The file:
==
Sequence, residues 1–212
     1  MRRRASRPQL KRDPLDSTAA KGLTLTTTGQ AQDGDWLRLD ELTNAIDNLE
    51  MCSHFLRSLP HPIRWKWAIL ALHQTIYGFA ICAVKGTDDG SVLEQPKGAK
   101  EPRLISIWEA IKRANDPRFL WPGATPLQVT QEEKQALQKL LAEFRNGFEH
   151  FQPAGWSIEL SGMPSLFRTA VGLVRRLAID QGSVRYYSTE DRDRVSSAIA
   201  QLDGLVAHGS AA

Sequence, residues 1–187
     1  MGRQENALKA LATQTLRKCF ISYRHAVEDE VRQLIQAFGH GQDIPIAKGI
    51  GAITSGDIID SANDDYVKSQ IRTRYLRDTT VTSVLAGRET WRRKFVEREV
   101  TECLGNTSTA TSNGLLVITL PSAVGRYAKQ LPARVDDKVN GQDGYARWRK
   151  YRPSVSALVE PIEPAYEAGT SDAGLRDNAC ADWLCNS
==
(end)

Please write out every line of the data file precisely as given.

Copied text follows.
Sequence, residues 1–212
     1  MRRRASRPQL KRDPLDSTAA KGLTLTTTGQ AQDGDWLRLD ELTNAIDNLE
    51  MCSHFLRSLP HPIRWKWAIL ALHQTIYGFA ICAVKGTDDG SVLEQPKGAK
   101  EPRLISIWEA IKRANDPRFL WPGATPLQVT QEEKQALQKL LAEFRNGFEH
   151  FQPAGWSIEL SGMPSLFRTA VGLVRRLAID QGSVRYYSTE DRDRVSSAIA
   201  QLDGLVAHGS AA

Sequence, residues 1–187
     1  MGRQENALKA LATQTLRKCF ISYRHAVEDE VRQLIQAFGH GQDIPIAKGI
    51  GAITSGDIID SANDDYVKSQ IRTRYLRDTT VTSVLAGRET WRRKFVEREV
   101  TECLGNTSTA TSNGLLVITL PSAVGRYAKQ LPARVDDKVN GQDGYARWRK
   151  YRPSVSALVE PIEPAYEAGT SDAGLRDNAC ADWLCNS